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I decided to start my route west from St. Louis instead of Chicago because (1) I’ve been to Chicago multiple times and didn’t want to bring my rig near town when I didn’t have any experience towing and (2) I wanted to slow travel yet still get to California by the first of August. Yep, this meant going straight through Tornado Alley at peak season and hitting the desert mid-July.
My first impression driving through StL was how ridiculously delicious it smelled. I honestly believe that they have hidden exhaust pipes coming out of all the yummy restaurants around town and vent them along the highways to entice the tourists driving through. If that’s true then it’s a wise plan because as soon as I entered the city limits I was smelling all the smells and drooling for some barbecue.
I landed here on May 17th, just a week after a north levee on the Mississippi breached from all the spring rains. The ground was saturated and there was flooding everywhere. I was to stay at the Cahokia RV Parque on the Illinois side of the river because it was the only campground I could find in the StL area that had space available. I found out later I was the last person to get a reservation because all other campgrounds in the area had been flooded. In the first week I was there, I experienced several tornado close calls, torrential downpours, severe wind, and even woke up one morning to a flooded campground.
I was lucky enough to be parked next to the witty groundskeeper, Kevin, who befriended me and kept me informed which helped me feel safe through all of this. This was comforting because StL was my first “on the road” experience after leaving my home and the kick-off to my Route 66 journey. My Little Guy Max handled the rain and wind like a champ and I started to relax a bit.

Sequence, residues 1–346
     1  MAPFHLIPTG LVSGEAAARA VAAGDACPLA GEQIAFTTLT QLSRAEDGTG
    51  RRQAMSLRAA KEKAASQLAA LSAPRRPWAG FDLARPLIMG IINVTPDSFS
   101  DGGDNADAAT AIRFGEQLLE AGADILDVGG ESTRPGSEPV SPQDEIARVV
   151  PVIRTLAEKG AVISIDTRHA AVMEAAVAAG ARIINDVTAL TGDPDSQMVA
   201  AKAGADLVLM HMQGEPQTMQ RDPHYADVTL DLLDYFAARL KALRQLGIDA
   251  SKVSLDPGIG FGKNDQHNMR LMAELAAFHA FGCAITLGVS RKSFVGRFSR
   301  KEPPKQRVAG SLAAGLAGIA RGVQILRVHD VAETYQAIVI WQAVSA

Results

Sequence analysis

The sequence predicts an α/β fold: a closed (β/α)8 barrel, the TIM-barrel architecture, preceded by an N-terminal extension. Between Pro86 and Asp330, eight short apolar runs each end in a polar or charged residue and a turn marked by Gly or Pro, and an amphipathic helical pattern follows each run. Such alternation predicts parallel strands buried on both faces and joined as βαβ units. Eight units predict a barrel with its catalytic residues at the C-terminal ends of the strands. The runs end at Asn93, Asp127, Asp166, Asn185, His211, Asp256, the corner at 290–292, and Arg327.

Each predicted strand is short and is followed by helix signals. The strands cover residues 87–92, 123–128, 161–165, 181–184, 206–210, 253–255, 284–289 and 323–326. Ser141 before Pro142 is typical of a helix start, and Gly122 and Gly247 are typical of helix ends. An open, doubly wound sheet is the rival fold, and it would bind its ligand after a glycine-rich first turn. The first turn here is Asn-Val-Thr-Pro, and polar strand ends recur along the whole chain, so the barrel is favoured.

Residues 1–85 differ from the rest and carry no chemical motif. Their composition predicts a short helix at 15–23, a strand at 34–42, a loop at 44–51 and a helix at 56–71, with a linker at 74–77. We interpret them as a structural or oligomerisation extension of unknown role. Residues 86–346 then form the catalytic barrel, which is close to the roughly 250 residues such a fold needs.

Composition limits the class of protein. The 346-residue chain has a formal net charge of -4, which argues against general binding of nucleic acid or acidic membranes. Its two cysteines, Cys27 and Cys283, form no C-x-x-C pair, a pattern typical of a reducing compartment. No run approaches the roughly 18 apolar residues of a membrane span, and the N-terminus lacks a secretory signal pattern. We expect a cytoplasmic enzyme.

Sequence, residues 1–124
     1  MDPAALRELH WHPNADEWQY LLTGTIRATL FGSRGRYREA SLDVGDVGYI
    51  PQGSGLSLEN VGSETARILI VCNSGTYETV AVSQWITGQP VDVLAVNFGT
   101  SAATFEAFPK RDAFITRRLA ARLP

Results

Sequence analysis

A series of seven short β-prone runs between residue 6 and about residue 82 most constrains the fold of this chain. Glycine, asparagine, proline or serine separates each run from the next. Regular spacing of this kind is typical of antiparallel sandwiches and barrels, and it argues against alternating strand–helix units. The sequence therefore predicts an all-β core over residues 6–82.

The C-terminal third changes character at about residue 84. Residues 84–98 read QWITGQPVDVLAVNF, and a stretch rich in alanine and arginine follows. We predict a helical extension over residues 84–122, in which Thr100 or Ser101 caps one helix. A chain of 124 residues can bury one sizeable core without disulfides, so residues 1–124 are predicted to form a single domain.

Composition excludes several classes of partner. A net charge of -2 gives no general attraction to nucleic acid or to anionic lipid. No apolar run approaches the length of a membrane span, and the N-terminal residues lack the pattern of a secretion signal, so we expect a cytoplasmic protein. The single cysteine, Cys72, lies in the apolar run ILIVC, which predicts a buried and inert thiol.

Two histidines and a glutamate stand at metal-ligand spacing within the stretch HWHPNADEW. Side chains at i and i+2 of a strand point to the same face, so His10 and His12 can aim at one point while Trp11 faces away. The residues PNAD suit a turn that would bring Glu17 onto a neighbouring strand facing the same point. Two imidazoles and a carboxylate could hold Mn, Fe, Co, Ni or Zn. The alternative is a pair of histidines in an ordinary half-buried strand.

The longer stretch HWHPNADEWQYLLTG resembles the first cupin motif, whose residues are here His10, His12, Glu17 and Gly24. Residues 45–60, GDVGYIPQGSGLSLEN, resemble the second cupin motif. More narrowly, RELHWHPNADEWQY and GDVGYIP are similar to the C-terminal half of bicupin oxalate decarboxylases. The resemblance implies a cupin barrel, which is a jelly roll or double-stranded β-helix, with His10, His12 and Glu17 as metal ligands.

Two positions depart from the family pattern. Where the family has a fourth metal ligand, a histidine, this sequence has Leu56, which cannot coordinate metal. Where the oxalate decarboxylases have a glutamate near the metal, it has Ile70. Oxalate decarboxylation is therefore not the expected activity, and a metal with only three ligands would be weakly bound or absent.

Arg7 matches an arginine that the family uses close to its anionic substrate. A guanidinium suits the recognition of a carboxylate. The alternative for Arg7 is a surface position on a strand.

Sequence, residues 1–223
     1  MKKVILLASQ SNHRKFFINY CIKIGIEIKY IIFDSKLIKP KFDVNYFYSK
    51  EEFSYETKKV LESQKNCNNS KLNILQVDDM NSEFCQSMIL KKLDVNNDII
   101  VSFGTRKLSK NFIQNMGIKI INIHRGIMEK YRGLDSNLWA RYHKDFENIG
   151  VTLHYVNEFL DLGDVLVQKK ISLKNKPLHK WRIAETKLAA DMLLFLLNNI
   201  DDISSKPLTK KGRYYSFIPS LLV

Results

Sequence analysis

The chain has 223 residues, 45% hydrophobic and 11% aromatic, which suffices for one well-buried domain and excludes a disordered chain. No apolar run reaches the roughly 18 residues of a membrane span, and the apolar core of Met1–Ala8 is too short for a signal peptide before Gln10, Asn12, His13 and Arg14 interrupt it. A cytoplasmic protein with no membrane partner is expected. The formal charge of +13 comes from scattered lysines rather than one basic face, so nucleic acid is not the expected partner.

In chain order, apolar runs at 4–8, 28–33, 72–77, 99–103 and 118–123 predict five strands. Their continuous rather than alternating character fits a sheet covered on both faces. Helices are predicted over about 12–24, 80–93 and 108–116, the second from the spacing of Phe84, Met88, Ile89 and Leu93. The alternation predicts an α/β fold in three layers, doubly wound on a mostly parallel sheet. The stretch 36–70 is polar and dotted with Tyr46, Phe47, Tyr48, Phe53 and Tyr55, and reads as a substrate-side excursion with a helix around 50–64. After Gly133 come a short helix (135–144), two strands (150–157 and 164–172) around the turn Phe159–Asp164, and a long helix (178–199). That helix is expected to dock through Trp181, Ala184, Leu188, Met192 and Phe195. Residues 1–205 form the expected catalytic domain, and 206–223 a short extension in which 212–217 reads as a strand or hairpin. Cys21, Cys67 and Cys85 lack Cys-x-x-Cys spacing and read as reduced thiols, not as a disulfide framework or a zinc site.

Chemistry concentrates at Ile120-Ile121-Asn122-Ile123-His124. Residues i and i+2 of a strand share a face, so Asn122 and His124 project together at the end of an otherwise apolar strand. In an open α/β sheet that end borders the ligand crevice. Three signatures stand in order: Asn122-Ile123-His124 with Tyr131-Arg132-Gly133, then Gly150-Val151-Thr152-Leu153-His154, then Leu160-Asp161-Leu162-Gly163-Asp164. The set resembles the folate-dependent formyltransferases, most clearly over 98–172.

Kevin—who by the way had organic micro-greens planted all over the RV park—gave me the lowdown on the neighborhoods to check out and the ones to steer clear of, so I took my Blix eBike out to explore. StL is made up of neighborhoods that began in the 1800’s and are still the way folks define their territory. The red-brick houses that saturate this town—unique only by a colorful door, a bright painted-glass window, or unique spires—keep the earthy, rich history present. And there is plenty of history here that should never be forgotten; slavery, Civil War, Trail of Tears, Lindbergh, beer and baseball. You can learn it all at the Missouri History Museum inside Forest Park, which is worth the explore.
The Soulard neighborhood—which I highly recommend checking out—hosts a great farmers market on Saturday mornings, multiple pubs and eateries, salons, boutiques and gift shops. Kevin met me there and showed me around the market grounds, giving me a crash course on the history of the area. I felt like I had my own personal tour guide.
StL gets a bad rap most of the time. I can’t tell you how many people warned me about going there and I just want to say that if you look at the worst a place has to offer, than you most certainly will experience just that. Don’t get me wrong, STL has grit just like any other city, but it also has a rustic beauty and charm that many people overlook because of their fears. I drove into the city a solo female traveler—fresh on the road and towing my new tiny home behind me. I stayed open-minded, understood not to go into seedy areas (just like I wouldn’t do at home), and wasn’t afraid to explore. I asked questions, listened to others, learned about the area, didn’t make any judgements based on other people’s fears and opinions, and found STL to be a rich and diverse culture full of generous, friendly people. I left there with a new understanding of the history of America, an appreciation for this rough-around-the-edges city, and my second gift; a fresh Cilantro seedling from my new friend which was left on the picnic table the morning of my departure.